Among the highlights of 'RXG' is the epic oriental track 'Coast Of The Carried Away Lives,' which proves the point of Senmuth's improved metal/non-metal integration, and the stunning 'Megiste Syntaxis' duology, which is the closer to my version of the album. Probably not coincidentally, all of the most memorable and profound tracks are instrumental. While I have made it clear in past reviews that I am not a fan of Senmuth's distortion-box vocal style, the strength of the instrumentals makes the wound that much deeper. Should Senmuth release a completely instrumental album and recreate the magic of some of the more powerful work here in 'RXG,' I am sure this talented artist could have his first potential masterpiece of his career on his hands. Until then, 'RXG-242-11' is no deriviation from the Senmuth formula, but certainly among the stronger releases under his belt at the point of this album's creation.

Report this review (#301272)
Posted Friday, October 1, 2010 | Review Permalink
RIO/Avant/Zeuhl,Neo & Post/Math Teams
3 stars First of all, it's a pity. Senmuth insists with his industrial noise that permeates the first 6 albums when he has so good things to give us.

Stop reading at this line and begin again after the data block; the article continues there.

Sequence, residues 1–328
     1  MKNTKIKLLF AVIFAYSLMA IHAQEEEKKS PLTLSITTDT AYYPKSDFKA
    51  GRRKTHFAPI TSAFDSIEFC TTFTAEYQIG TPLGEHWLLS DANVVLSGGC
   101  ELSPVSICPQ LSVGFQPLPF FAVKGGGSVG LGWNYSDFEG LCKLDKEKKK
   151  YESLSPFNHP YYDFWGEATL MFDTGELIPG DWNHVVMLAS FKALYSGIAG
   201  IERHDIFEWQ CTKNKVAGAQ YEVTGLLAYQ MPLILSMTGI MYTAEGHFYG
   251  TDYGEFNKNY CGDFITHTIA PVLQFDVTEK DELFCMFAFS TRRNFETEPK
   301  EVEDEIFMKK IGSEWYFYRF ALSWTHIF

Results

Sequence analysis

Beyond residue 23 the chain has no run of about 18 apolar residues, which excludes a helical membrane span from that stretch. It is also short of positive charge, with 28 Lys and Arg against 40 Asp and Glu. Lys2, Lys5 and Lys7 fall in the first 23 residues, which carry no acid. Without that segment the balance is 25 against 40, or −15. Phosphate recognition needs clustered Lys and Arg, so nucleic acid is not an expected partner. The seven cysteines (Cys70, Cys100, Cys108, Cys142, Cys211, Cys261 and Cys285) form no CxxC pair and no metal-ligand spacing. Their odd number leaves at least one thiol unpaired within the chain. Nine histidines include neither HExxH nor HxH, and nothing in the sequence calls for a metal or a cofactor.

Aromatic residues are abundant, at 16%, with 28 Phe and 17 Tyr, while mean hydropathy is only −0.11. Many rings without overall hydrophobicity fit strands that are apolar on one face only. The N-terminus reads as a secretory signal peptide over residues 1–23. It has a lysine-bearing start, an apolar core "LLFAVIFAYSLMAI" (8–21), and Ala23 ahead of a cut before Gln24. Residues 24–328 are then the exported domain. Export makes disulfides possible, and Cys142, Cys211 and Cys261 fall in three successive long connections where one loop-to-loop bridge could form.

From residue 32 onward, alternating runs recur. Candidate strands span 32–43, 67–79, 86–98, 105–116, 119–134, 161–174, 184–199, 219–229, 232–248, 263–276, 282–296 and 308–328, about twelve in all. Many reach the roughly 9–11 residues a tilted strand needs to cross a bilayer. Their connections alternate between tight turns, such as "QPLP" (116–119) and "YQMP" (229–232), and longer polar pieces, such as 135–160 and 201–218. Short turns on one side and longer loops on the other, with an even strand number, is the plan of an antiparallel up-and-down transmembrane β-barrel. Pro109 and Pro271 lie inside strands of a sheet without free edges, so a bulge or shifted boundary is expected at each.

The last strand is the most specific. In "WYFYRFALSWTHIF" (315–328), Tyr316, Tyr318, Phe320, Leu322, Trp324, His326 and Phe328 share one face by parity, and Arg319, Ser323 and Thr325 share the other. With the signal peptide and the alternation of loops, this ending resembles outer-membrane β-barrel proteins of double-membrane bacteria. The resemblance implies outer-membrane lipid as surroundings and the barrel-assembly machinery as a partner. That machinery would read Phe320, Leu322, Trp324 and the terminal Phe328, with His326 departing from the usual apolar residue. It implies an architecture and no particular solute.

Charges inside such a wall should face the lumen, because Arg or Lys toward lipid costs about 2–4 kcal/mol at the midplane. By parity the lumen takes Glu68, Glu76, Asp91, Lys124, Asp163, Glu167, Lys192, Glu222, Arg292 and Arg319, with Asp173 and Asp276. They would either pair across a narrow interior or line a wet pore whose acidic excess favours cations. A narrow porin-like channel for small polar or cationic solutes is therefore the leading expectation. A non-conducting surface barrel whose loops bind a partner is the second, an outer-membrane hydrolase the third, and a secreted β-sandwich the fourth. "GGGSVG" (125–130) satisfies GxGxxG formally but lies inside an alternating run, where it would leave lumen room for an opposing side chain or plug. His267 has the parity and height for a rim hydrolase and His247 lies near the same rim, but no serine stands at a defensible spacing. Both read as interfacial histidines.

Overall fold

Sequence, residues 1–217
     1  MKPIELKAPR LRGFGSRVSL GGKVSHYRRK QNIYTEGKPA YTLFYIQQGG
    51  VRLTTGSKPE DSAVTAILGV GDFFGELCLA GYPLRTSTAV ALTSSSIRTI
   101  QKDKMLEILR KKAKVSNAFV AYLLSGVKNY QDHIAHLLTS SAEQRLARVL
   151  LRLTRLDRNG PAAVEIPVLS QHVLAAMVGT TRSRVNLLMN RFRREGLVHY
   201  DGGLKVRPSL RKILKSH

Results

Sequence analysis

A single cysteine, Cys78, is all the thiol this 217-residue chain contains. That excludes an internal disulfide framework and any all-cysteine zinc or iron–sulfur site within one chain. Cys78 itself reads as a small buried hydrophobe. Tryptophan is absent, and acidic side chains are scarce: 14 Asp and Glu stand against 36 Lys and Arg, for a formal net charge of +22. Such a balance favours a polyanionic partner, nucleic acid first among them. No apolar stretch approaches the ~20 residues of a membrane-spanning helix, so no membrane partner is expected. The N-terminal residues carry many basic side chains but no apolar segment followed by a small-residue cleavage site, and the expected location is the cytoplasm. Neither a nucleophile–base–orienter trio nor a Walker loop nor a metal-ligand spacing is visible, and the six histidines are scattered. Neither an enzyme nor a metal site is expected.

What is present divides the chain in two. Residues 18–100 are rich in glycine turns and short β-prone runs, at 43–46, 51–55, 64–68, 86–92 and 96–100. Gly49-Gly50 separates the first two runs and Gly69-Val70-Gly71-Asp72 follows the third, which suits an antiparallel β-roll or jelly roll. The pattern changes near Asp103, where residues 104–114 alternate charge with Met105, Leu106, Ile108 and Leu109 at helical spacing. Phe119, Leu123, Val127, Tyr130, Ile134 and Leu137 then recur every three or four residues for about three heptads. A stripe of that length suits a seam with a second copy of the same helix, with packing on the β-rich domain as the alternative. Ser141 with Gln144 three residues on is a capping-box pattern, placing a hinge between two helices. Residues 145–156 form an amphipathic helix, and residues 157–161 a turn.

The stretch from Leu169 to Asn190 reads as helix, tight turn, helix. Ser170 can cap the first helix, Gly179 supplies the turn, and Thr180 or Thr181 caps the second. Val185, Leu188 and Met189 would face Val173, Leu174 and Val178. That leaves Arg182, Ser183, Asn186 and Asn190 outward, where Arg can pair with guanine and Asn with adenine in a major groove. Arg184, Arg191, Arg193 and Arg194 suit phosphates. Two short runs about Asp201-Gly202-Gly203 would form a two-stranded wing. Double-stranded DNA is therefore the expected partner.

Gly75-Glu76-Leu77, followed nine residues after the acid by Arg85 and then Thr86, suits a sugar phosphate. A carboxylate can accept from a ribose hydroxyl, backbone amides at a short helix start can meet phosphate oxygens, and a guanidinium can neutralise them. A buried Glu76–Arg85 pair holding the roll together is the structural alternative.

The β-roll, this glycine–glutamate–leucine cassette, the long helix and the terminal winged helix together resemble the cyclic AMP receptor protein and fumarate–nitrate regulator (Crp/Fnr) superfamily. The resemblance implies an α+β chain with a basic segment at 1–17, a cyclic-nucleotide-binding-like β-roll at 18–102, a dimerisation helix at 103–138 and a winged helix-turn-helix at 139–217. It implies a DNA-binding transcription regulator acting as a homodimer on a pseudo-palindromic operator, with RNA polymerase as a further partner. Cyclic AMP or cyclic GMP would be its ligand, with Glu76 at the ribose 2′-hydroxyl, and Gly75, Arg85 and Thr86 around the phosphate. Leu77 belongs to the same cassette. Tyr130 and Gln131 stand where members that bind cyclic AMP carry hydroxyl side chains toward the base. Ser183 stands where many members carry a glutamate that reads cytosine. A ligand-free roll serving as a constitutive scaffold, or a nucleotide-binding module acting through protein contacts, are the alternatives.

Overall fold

I mean that when the volume of the background noises goes down what remains is a very good electronic music. Not properly ambient, as it's very powerful. The opener and the closer "Megiste syntaxis Part 1 and 2" are very unusual for Senmuth and are a very good surprise. I hope that I will find more trakcs of this kind in the next Senmuth's albums. Then, as often happens with prog music, the best tracks are the longer ones. Aton, Timebirth and Enuma Anu Enlil are highlights.

This album demontrates that Senmuth is continuously even if slowly evolving. This is not yet ready for the 4 stars, but this time he's gone very close. Also classic Senmuth's tracks like ZamicelKreators have short electronic interludes that would better serve Senmuth's cause than the industrial noise he has made us used to.

I'm trying to listen to all the Senmuth's albums (they are freely downloadable) and should I suggest one to the newbies this is surely a good starting point.

A hint: The IDv3 of the mp3s are translated from cyrillic so are a bit more readable for non-russians.